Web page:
WWDC was all about software, just like it was when Steve Jobs ran the show

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  • Reply 41 of 52
    cgWerkscgWerks Posts: 2,027member
    Furthermore while many longtime observers remember the unveilings of iPhone models at the WWDC in 2007, 2008 and 2010, and a wide variety of products including the HomePod, new MacBooks, and a new iPad Pro at the 2017 WWDC, those were aberrations. Apple made no hardware announcements at WWDC in 2014, 2015 or 2016.
    So, did Apple have hardware releases the majority or minority of WWDCs? Which is really the aberration?

    "... And so, the big secret about Apple, of course -- a not so big secret, maybe -- is that Apple views itself as a a software company." 
    I'm not opposed to Apple's focus being on software... if that were the case, anymore. But, I don't think that's quite what Steve was ultimately getting at. Microsoft is also a software (almost exclusively) company. It's about the integration of the two and the end user-experience... which requires hardware. Also, it isn't just any ol' software we're talking about here, either. It's game-changing software with a focus on UI excellence. If I'd seen much of that filling the 2+ hours, then I'd be cheering more (even w/o the hardware).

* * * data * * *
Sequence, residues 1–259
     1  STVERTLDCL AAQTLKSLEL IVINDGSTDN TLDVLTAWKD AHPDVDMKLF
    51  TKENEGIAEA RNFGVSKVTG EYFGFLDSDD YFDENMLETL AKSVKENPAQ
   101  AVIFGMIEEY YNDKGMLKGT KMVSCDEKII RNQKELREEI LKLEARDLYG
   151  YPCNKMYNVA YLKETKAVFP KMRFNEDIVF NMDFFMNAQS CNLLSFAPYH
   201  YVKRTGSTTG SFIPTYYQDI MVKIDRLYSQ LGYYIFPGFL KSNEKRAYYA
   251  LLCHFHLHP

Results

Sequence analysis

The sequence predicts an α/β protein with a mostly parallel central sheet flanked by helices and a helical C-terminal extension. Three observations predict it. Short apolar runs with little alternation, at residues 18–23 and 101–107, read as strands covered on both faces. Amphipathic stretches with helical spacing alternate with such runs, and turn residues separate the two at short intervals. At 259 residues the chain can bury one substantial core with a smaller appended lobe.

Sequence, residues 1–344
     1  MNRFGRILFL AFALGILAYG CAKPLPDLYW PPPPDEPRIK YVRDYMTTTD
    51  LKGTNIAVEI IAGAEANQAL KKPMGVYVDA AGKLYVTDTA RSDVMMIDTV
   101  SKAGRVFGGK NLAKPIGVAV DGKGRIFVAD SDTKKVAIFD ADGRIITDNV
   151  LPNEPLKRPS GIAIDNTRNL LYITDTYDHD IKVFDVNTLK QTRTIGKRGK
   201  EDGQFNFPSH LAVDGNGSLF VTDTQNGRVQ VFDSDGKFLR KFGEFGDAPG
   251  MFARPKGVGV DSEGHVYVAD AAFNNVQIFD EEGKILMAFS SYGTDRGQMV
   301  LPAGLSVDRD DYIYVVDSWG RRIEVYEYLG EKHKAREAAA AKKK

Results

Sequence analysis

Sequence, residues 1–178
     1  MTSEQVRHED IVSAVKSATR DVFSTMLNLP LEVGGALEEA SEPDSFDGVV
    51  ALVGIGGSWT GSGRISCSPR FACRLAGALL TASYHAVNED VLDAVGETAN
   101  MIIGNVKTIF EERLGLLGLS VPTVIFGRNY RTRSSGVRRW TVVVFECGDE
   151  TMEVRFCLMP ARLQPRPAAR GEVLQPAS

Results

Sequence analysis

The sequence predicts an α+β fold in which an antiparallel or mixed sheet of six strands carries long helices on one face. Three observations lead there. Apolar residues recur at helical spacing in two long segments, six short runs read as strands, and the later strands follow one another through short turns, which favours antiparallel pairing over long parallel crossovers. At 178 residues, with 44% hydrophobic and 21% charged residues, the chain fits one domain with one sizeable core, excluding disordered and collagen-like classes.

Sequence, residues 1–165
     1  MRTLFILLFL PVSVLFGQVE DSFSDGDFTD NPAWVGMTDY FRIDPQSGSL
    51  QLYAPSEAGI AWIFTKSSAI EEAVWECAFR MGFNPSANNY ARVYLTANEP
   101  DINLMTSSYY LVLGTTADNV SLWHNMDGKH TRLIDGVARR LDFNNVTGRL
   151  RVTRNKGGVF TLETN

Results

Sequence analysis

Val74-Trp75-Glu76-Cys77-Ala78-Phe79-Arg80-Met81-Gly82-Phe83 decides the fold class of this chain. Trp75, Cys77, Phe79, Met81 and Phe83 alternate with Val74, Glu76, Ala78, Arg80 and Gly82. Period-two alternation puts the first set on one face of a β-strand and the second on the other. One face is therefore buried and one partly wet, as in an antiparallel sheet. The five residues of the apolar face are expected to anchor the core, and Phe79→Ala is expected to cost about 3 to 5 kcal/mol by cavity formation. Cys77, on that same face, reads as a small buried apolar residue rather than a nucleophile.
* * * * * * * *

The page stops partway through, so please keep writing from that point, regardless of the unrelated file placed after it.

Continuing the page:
"The problem is, in hardware you can't build a computer that's twice as good as anyone else's anymore. Too many people know how to do it," said Jobs. "You're lucky if you can do one that's one and a third times better or one and a half times better. And then it's only six months before everybody else catches up. But you can do it in software. As a matter of fact, I think that the leap that we've made is at least five years ahead of anybody."

    This might sound familiar, given that there is a minute gap between the last generation of Intel processors and the current.
    This was said back when Apple's hardware was as good if not better. What we're complaining about now, is that it's Apple who is playing catchup... and not just six-months behind, but much more in some cases. And, they aren't five years ahead in software either, anymore.

    Also, a computer is about more than how much gain in CPU core performance you can get. My old entry level iMac was 4-core, they are now 2-core. Same with other Mac models. Intel's new chips are 4-core and even 6-core in the same thermal range. That would be a a very welcome performance improvement! And, that isn't even getting into ports, GPUs, etc.

    nht said:
    Because maybe its in the fucking name?  Hardware has their own special events.  This is like complaining that the Education Event is all about education...
    Sometimes they release hardware at WWDC just like sometimes they release new edu hardware like the iPad at the spring edu special event.
    Maybe I'm missing something here... where do you see an 'S' in WWDC?

    GeorgeBMac said:
    That's pretty much because he was!  It was between Steve and the product.  The audience could have been 1 or a million.  It was almost irrelevant.

    Because:   Steve wasn't putting on a show.   He wasn't trying to be entertaining or interesting.
    He was showing off his shiny new product that he was immensely proud of.   He wanted people to see it and admire it.  His so called showmanship derived from his very genuine and justified pride in the product he was showing off...